How does a Mexican tortilla from Spain taste?

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Steps in Old Town, Calp, Spain, are painted yellow and red, in keeping with Spain's flag. Photo by Sam Williams/Unsplash

Although the tortilla is almost universally thought of in the United States as a Mexican food product made of either corn or flour, only the more cultured among us know that "tortilla" is actually Spanish in origin.

In the 1500s, when the Spaniards conquered what is now Mexico, Hernán Cortés and his bloodthirsty soldiers knew "tortilla" as an egg dish that us unwashed masses would call an omelet, which is still made today. When they encountered what the Aztecs called tlaxcalli, the Spaniards decided to rename them "tortillas" and define them in Spain as little more than "bread."

Mexico got the last laugh.

While the Spanish tortilla remains primarily an Iberian delight, the Mexican tortilla has gone on to conquer the world, especially Europe, where it's now a multibillion-dollar industry. The Tortilla Industry Association has held a European conference since 2017 (the next one is October 24-25 in Munich — they should've timed it with Oktoberfest) and says Europeans overwhelmingly favor flour tortillas… except in Italy. Polenta for the win!

My friends who travel to Europe don't exactly seek out Mexican food when they're out there, so I've never been able to get much intel about the European Mexican tortilla scene. Some of them who traveled abroad during the 1990s have horror stories of eating tortillas from a can in London, or being subjected to hard-shell tacos in Brussels where ketchup was served as salsa. So as your humble Tortilla Master, I've always wondered how tortillas produced in Europe might taste.

Then about a month ago, a vacuum-sealed package arrived: Mexican corn tortillas… from Spain? 

A package of tortillas from Barcelona-based company Tortillas El Patrón. Photo by Gustavo Arellano

Tortillas El Patrón is a Barcelona-based company that makes their corn tortillas the right way: corn, water, lime, no preservatives. Their logo of a silhouetted charro on horseback was smart, if not exactly inspired and kinda lost in a lime-green sea. They're also hip to the current tortilla lingo by boasting that their corn is "100% nixtamalizado" — that is, treated the way Mexicans have treated corn for thousands of years to turn it into masa. El Patrón is even trying blue corn tortillas, but the ones that a Chicano fan of mine who lives in Norway sent me were yellow.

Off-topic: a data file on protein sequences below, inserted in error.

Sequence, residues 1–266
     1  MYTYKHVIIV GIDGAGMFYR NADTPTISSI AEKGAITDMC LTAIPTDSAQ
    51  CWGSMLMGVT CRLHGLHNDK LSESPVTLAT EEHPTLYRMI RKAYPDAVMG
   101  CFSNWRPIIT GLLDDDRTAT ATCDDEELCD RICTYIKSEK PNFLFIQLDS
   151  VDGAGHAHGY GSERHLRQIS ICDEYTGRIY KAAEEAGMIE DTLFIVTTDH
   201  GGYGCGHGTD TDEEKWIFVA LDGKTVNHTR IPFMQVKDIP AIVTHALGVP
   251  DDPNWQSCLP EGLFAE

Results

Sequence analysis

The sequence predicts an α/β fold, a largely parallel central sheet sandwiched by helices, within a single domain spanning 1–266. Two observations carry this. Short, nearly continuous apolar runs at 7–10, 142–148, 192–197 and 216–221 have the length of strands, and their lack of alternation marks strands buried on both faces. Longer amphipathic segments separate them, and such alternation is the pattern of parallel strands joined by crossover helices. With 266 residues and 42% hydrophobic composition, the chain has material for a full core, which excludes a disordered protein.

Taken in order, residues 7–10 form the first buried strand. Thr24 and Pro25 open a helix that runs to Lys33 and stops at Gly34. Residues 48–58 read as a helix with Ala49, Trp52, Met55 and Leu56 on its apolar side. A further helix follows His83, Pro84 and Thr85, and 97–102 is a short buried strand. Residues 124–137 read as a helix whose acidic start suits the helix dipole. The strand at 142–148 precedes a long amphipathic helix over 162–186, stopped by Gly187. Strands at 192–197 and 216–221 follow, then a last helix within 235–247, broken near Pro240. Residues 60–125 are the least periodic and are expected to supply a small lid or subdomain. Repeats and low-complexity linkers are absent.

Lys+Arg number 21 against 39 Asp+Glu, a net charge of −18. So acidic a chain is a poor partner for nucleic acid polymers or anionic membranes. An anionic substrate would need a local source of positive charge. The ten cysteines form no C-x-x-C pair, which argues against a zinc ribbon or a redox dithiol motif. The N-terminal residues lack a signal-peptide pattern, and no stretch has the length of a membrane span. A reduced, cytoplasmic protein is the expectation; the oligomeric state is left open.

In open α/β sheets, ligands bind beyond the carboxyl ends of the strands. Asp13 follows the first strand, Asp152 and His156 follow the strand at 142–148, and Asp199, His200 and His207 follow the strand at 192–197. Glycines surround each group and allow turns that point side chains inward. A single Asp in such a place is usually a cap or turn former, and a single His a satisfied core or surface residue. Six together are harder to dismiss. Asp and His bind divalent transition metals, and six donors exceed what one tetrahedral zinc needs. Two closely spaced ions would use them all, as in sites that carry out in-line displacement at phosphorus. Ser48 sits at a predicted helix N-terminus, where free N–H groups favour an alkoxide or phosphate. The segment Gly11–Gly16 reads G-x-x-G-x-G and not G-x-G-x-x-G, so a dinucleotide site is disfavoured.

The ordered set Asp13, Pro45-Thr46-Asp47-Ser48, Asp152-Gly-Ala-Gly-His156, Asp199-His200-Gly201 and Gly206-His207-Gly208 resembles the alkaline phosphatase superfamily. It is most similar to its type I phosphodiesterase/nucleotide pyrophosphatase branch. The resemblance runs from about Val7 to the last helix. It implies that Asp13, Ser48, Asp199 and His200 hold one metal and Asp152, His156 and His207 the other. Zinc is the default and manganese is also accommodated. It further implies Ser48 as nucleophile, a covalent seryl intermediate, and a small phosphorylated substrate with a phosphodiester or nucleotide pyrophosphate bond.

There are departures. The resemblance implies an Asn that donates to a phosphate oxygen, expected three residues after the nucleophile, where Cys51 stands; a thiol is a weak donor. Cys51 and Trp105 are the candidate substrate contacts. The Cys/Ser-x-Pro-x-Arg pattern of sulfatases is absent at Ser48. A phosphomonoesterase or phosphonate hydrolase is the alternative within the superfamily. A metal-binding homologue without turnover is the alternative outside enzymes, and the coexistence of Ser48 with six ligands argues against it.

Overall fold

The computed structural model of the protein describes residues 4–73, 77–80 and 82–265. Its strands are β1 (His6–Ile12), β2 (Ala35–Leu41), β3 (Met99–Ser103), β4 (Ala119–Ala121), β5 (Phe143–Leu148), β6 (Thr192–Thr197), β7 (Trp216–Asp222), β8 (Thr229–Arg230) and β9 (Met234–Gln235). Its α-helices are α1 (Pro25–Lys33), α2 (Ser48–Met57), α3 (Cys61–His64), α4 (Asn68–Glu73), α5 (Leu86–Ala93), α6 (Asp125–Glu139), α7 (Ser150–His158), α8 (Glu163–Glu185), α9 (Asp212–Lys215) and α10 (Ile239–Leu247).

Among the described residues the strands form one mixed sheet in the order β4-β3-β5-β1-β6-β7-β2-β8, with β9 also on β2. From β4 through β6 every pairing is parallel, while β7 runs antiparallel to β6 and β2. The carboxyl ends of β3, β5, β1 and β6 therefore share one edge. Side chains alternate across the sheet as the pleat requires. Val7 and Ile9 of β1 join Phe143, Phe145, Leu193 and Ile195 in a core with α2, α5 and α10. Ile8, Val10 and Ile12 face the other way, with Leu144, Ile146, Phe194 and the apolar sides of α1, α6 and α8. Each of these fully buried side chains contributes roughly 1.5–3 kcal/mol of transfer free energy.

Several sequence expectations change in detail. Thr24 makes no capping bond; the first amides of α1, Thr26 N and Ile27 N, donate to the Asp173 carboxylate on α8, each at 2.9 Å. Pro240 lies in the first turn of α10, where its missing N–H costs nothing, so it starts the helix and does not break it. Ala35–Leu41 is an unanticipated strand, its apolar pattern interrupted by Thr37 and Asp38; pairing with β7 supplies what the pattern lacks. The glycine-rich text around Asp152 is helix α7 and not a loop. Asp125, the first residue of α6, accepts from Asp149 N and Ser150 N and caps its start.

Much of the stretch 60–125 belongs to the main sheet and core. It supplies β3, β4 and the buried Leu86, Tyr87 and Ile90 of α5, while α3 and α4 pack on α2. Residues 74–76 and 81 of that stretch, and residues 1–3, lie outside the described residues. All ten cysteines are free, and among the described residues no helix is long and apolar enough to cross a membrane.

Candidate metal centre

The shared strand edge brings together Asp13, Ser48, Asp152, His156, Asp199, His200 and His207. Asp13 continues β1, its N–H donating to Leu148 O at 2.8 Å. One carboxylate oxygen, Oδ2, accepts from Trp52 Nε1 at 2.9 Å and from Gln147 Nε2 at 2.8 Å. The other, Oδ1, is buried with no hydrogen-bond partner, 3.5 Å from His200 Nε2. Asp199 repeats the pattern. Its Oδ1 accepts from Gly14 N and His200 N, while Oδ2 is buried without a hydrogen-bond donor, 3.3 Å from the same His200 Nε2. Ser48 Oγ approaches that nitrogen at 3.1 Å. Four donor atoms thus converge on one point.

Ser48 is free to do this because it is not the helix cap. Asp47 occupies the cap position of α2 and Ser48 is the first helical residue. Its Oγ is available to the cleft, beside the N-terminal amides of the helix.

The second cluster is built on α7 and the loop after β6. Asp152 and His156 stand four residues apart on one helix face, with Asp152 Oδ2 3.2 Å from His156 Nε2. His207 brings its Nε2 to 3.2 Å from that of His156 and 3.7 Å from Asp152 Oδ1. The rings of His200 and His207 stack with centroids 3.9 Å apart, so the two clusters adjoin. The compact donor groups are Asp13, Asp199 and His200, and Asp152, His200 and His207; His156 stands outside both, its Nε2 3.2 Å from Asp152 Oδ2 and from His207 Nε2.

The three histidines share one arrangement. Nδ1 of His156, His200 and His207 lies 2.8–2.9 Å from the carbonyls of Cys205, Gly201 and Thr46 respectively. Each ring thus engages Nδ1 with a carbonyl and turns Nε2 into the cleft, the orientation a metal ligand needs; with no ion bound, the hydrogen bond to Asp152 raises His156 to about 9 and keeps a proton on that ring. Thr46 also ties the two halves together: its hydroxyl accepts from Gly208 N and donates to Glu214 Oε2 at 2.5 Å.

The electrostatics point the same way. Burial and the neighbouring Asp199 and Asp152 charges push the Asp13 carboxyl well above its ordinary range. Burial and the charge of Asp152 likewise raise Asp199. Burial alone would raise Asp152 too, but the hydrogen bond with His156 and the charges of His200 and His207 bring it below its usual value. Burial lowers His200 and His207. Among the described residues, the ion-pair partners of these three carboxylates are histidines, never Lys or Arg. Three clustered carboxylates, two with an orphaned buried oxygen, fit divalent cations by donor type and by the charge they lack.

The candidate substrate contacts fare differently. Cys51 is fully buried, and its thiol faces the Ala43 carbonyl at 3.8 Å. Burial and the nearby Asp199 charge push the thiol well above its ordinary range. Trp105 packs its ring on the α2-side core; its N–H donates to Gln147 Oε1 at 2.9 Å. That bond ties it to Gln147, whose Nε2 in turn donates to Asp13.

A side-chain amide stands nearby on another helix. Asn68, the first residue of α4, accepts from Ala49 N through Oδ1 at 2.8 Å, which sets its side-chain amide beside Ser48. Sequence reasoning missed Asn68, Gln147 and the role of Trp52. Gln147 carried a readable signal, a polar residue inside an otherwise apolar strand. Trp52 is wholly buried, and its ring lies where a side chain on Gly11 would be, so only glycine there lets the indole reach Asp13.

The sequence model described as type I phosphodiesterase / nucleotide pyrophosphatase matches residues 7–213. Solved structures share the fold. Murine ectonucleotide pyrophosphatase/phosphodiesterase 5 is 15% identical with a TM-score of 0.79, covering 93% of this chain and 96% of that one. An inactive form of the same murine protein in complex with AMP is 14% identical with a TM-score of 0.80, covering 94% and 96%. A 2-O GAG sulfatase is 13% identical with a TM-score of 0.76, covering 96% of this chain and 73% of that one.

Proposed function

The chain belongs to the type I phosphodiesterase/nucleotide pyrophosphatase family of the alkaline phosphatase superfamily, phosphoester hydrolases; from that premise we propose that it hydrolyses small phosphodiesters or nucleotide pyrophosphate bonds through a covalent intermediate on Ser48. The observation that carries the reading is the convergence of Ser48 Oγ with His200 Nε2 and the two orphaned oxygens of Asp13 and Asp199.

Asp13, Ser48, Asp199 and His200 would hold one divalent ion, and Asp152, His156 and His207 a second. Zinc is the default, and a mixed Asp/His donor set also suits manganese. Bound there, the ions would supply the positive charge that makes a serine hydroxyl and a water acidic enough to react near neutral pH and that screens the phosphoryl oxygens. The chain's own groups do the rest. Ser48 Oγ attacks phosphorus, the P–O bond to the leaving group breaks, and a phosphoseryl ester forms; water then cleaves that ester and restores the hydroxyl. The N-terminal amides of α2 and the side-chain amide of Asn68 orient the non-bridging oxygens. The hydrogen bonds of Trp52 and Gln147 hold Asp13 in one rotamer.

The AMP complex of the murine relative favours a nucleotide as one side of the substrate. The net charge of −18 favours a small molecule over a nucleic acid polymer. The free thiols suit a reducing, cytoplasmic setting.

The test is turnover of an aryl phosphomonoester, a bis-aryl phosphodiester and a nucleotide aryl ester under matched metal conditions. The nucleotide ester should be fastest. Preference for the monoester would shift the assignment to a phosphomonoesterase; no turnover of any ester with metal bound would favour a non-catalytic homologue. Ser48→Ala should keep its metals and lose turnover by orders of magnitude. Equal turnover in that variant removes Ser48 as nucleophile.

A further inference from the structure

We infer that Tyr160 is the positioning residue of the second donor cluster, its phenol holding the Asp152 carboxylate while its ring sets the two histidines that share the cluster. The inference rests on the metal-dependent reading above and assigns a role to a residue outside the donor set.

Were they any good?

I worried when my fan suggested I first soak the El Patrón tortilla in water so it could rehydrate a bit. What am I, an astronaut?

The color seemed a little pallid to me but I nevertheless threw the El Patrón tortilla on the comal. It was thicker than most corn tortillas so it took a bit more time to cook. Alas, it never really became pliable so maybe I should've soaked it a tad in water. But if you need water to make your tortilla better, you're already in trouble. 

The taste wasn't bad. The corn flavor was there but it dissipated quickly and didn't linger. The texture was a bit mealy, in a good way. I'm not sure where El Patrón sources its corn from, but if they got a better varietal, their tortillas would easily improve.

Whenever I get tortillas for the #TortillaTournament, I give out almost all the leftovers to friends or customers at my wife's store, and only keep the good ones. I gave out all my leftover El Patrón. They'd be a solid #12 seed, but would probably lose in the first round. No worries, Europe. You've got about 15 years before #TortillaTournament rampages through the EU!